In my analogy, the summit of the mountain is, of course, the moment of creative or spiritual inspiration. Such moments often follow physical effort and preparation of the mind and heart, but they also require divine participation. While it is true that one does not always need to “journey” up the mountain in order to receive this spark of inspiration, it is also true that if journeying towards particular creative goals or any kind of self-improvement, the way is often arduous and obscured. There are times of bleakness and weariness, and in these times it may be unclear whether or not one is moving up or down, or really even moving at all. The individual may lose sight of their goals, lose sight even of the hope or light that sparked them to begin this journey in the first place. However, these difficulties, these seemingly mundane and fruitless periods are often but the necessary precursors to creative or spiritual enlightenment. And how much infinitely more rewarding is the arrival at the “summit” after a prolonged period of darkness or uncertainty? The light and the dazzling vision it unveils are even more startlingly beautiful and “good” because they can be differentiated from their opposite, of which the individual has also seen and tasted.
During moments of creative inspiration, the individual is able to transcend, in a sense to move beyond their natural abilities to unite with a grander vision. Such a vision provides a deep joy and fulfillment. However, the thrill of this vision cannot be sustained in perpetuity. Although the human is made in the divine image of God, he also cannot stay forever on this mountain top while still belonging to earth. Just as the mountain climber enjoys and appreciates the beauty of the view and yet must descend since the spot is not sufficient for his earthly needs, the individual must naturally emerge from the moment of inspiration and descend to what feels like the “ordinary” and mundane again.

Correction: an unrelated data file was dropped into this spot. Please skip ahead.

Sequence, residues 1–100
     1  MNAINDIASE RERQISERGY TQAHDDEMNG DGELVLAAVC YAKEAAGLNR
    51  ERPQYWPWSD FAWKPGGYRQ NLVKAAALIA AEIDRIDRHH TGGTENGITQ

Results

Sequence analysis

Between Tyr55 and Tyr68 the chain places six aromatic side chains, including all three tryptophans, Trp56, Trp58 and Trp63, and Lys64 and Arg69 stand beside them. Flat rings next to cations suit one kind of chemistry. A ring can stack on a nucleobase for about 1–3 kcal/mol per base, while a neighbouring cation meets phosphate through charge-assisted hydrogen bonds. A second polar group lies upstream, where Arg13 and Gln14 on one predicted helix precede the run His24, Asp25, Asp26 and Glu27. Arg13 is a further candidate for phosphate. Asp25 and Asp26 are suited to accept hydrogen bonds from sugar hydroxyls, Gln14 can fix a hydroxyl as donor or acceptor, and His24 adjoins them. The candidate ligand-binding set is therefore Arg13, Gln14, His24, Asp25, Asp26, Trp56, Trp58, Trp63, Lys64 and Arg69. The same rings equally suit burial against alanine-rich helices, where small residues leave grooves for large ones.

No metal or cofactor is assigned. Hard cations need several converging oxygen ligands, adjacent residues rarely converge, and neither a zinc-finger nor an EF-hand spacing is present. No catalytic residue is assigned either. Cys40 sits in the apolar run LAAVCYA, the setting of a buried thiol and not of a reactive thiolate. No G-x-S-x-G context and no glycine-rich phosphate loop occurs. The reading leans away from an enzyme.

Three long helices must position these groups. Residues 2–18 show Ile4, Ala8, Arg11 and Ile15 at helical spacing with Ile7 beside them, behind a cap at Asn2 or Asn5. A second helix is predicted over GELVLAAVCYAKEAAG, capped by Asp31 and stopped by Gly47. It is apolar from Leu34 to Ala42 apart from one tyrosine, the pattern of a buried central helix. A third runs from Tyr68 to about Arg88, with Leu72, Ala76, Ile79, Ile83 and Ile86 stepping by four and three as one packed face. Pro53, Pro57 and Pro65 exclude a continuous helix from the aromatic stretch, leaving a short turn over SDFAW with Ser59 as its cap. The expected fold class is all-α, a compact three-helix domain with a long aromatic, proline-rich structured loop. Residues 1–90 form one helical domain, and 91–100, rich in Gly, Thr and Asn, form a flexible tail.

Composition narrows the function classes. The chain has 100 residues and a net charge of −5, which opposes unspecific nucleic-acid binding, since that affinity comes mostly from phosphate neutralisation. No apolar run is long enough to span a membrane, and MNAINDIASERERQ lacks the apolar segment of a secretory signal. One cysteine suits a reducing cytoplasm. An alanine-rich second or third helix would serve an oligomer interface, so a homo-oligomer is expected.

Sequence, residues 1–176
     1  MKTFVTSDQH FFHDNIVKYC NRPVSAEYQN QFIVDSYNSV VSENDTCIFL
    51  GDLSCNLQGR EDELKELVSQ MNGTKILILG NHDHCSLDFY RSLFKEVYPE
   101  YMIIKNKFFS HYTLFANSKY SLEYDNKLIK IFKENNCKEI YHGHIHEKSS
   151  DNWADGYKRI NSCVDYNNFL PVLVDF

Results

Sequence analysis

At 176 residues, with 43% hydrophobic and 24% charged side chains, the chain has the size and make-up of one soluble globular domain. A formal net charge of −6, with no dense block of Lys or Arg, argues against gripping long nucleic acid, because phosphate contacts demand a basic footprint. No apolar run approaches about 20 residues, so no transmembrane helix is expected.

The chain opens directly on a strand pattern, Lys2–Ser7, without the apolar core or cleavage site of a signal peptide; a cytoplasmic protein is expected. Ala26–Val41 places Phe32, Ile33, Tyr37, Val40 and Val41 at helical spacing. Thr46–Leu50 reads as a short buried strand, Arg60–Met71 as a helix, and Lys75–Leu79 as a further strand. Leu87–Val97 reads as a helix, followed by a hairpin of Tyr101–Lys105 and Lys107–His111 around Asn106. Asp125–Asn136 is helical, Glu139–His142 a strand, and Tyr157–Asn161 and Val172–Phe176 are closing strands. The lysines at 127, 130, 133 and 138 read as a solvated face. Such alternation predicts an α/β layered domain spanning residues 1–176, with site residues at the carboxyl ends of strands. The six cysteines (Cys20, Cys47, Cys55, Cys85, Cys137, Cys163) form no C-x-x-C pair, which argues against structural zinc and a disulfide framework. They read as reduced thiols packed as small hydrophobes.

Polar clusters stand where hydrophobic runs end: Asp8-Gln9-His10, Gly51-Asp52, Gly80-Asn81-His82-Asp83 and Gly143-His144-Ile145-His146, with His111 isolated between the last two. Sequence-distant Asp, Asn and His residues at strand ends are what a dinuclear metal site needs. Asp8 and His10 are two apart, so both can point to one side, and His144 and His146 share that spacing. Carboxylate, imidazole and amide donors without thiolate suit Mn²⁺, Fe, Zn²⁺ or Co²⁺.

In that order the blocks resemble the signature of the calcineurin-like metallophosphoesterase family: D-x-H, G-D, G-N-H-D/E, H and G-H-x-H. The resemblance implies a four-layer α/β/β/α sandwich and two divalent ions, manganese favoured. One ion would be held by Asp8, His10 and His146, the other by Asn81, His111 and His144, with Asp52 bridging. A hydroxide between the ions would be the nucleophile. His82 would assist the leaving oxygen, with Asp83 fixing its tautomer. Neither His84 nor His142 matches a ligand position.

Such a beautiful vision may make the rest of life seem dull or unsatisfying, but we must understand that the very beauty and magnificence of these “high points” are founded on their rarity and separation from regular life. Whether we are at the base of the mountain or lost somewhere in the middle, there are always echoes of this divine creative presence and the beauty of the vision. However, if we are pining always for these heights, we miss the ordinary beauty before us and neglect to share the vision with others, in whatever small measure we can. Life is an ebb and flow and this leads to periods of seeming stagnation and periods of sheer luminescence. Although we desire to reach the summit, true peace and happiness come when we accept the cycle of life and abandon ourselves to the journey which has been planned specifically for us. By doing this, we are able to embrace the circumstances of our life, no matter how bleak or seemingly insignificant they are, trusting ever in this promise of hope, even when it is not confirmed by sight.